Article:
How does one speak of the loneliness of the research scholar? The silence of archives, the isolation of laboratories, and too many hours spent inside your head? What drives a research scholar in India -- with the pittance that passes for scholarship, distributed as largesse by callous university authorities at will, without an office, without libraries, without books and journals and access to basic resources -- to go on, to work, to research and write and somehow still survive?
And how does one speak of a Dalit research scholar in Indian public-funded universities that were never planned as anything but bastions of exclusion to begin with? Where Dalit-Bahujan scholars are necessarily seen as encroachers, infringing upon spaces where they do not belong? In the vicious logic of caste hierarchy, the "Dalit research scholar" is an oxymoron, an unwelcome pollutant in the site of excellence that is the university. Rohith Vemula's letter to the Vice Chancellor of the University of Hyderabad (UoH), shortly before his suicide, dubs this the "Dalit problem", offering a caustic "solution" for the "problem" in the shape of mercy killing for Dalit scholars.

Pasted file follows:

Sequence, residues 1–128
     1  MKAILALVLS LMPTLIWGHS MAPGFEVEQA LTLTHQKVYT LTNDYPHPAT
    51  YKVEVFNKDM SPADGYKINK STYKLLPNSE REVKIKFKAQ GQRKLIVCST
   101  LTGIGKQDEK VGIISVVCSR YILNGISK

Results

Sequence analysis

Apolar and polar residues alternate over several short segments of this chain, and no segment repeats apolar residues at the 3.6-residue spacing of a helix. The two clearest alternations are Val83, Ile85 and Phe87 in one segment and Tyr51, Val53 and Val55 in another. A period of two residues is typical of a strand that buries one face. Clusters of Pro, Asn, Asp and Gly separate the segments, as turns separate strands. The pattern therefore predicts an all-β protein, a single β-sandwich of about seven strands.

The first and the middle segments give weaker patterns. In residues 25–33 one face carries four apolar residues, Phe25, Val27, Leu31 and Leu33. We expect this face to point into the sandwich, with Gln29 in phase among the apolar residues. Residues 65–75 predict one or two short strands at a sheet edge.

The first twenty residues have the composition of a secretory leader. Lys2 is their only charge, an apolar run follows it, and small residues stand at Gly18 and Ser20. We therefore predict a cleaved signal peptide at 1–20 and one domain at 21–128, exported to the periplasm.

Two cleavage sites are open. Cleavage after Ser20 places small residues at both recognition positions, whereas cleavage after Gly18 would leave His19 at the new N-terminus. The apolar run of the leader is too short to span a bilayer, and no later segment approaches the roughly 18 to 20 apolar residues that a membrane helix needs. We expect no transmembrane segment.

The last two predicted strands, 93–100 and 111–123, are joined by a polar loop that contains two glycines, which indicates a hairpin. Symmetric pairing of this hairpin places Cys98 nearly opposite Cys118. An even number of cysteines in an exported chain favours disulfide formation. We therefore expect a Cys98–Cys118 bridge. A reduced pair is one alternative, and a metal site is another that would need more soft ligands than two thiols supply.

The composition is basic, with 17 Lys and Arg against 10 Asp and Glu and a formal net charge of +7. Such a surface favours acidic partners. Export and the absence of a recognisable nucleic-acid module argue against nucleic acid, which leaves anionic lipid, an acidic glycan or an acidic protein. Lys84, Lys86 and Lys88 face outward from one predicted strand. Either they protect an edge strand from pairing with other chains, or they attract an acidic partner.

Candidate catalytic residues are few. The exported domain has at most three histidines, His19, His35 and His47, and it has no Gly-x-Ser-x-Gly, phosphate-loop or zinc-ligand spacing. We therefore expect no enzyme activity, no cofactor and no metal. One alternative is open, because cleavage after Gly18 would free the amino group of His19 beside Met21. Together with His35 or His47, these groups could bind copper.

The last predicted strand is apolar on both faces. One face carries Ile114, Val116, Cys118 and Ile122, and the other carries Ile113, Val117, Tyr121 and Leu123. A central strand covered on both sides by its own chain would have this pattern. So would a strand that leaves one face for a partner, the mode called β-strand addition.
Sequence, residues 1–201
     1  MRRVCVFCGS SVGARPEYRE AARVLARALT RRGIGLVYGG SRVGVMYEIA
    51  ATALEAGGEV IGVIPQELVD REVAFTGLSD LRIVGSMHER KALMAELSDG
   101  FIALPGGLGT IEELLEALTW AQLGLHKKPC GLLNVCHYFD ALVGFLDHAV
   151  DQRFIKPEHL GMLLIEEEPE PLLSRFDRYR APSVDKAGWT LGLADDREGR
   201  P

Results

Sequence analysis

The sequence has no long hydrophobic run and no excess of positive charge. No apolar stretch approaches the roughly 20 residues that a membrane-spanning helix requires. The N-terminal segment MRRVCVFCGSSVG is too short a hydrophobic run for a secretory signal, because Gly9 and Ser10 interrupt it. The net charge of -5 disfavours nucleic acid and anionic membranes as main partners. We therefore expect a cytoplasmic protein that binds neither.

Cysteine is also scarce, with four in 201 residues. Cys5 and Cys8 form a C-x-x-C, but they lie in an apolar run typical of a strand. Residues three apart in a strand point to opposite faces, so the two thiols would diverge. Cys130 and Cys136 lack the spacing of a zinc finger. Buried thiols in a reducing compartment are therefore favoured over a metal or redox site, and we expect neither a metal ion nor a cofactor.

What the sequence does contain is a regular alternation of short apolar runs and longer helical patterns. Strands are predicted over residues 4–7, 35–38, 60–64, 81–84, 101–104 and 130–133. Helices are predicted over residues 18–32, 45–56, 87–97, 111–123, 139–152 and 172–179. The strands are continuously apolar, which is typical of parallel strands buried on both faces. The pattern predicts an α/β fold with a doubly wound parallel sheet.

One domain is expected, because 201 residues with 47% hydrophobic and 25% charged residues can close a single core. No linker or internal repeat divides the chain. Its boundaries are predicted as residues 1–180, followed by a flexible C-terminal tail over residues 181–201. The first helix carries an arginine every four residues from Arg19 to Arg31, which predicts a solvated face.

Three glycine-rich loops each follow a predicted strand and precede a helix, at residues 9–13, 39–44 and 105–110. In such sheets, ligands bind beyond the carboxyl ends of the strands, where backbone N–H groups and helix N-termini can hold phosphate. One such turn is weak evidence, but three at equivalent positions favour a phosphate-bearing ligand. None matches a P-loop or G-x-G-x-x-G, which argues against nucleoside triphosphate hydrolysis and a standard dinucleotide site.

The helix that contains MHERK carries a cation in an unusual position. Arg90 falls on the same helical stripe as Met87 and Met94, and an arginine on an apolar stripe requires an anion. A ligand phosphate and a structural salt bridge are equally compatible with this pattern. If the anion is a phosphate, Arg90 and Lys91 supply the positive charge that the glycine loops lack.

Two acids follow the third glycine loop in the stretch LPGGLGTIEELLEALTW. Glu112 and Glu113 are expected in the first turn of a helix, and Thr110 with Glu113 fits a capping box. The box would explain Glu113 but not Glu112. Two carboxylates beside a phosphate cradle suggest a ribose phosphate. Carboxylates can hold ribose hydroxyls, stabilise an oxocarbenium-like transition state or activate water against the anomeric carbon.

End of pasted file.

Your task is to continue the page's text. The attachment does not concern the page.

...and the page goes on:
[I]n a remarkable instance of literal-mindedness... one of the foremost concerns of the investigating authorities seemed to be whether or not the deceased research scholar was indeed a Dalit.
It is a different matter, then, that a war of words has now broken out over Rohith's suicide note, with the HRD minister--delightfully dubbed #ManuSmritiIrani by protesting twitterati--arguing that "the truth" of the matter lies in the fact that "this is not a Dalit vs. non-Dalit issue," and that, furthermore, that "the document which is being circulated as Rohith Vemula's suicide note does not mention any name or MP or Minister."
Some voices in the mainstream media appear to agree; in the words of a piece in Firstpost, wherein the writer appears to share the literal-mindedness of the law enforcement officers and Ms. Irani, "It is simply insane to twist his last few words, drop them in the boiling cauldron of student activism, subaltern politics, class war, plain political opportunism and pin the blame on one person [Bandaru Dattatreya], making him the Fall Guy for an unfortunate death."